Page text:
Sunday, September 23, 2007

Seeing Red

Consolidation is the watchword for most industries in the world. Big guys are buying little guys, investors are tight with cash and upstarts are having a tougher time finding shoulder room than a sapling in old-growth forest. In short, the planet is being homogenized in great swaths. Species extinctions are happening at an alarming rate. Even languages are disappearing at a rate of one every two weeks.

Doesn’t look good for competition, does it?

I offer that as a backdrop to SRAM’s introduction of its new group called Red. On paper, the idea that an American company could enter the road market with a top-end component group and actually compete is, well, laughable. Who in their right mind would actually wish to compete with Shimano or Campagnolo? After all, no component maker has more emotional cachet with its owners than Campy. Assuming you think you can tackle that, okay. Who would then wish to go head-to-head with the 800-lb. gorilla from Manilla (okay, Tokyo)?

The brain trust at SRAM is neither stupid nor delusional. For those of you who haven’t ridden a bike with wheels smaller than 700C since you were in grade school, it bears mentioning that SRAM has been producing good mountain bike drivetrains (easily the crux move in any groupo) for more than 10 years.

Without resorting to licensing technology from either Campy or Shimano, SRAM found a creative middle road. For two years SRAM’s double-tap components have been quietly gaining acceptance in the road market. This is no small feat.
Consider that Full Speed Ahead (FSA) offers cranks, bottom brackets, front derailleurs, brakes and wheels. But they don’t do control levers or rear derailleurs. Given how good their current offerings are (let’s not forget their stems, handlebars and seatposts), it is fair to surmise that manufacturing control levers and a coordinated rear derailleur is more difficult than getting the ASO and UCI to play nice.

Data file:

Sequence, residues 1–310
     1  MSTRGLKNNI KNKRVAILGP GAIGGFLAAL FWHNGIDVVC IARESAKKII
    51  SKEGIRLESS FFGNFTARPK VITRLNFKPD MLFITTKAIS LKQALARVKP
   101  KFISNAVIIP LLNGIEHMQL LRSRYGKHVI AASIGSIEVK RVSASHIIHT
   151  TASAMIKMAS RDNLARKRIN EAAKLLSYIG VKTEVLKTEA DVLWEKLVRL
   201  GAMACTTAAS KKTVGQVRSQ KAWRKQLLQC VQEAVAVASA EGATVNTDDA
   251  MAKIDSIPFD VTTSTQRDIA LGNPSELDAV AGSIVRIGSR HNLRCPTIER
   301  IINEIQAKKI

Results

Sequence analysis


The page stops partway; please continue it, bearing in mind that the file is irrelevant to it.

We have before us a few curious details to consider: Red is reputed to be the lightest road component group on the market. It will also be the most expensive. The dollar is worth less (relative to the Yen and Euro) than Britney Spears’ career. The UCI hates innovation almost as much as they hate American lawyers. Even so, the new competition will be good for consumers. Neither Shimano nor Campy can afford to react slowly, and Campy—God love ‘em—is rarely mistaken for a scalded monkey. The introduction of Red will spur innovation and price competition and soon enough, bicycles will be so light that the UCI will need to address their weight limit. Or not. Capitalism might have some predictability to it, but we probably shouldn’t expect anything predictable (or logical) from the UCI.

So maybe the pros won’t be able to ride a 13-lb. bicycle, but you will. Rapidly approaching is the day when you can ride a 12-lb. bike with bar tape. Or any frame you want (including lugged steel) without violating 15 lbs.

So despite all the economic pressures that make this introduction as unlikely as a smash hit from Kevin Federline, SRAM has put together the financing, engineering and tooling necessary to mount an assault on the road market. For many folks, this is the most eagerly awaited product intro in 10 years. But it would seem that this is just the serve; the move to watch is the return. For that we’ll have to wait until 2009.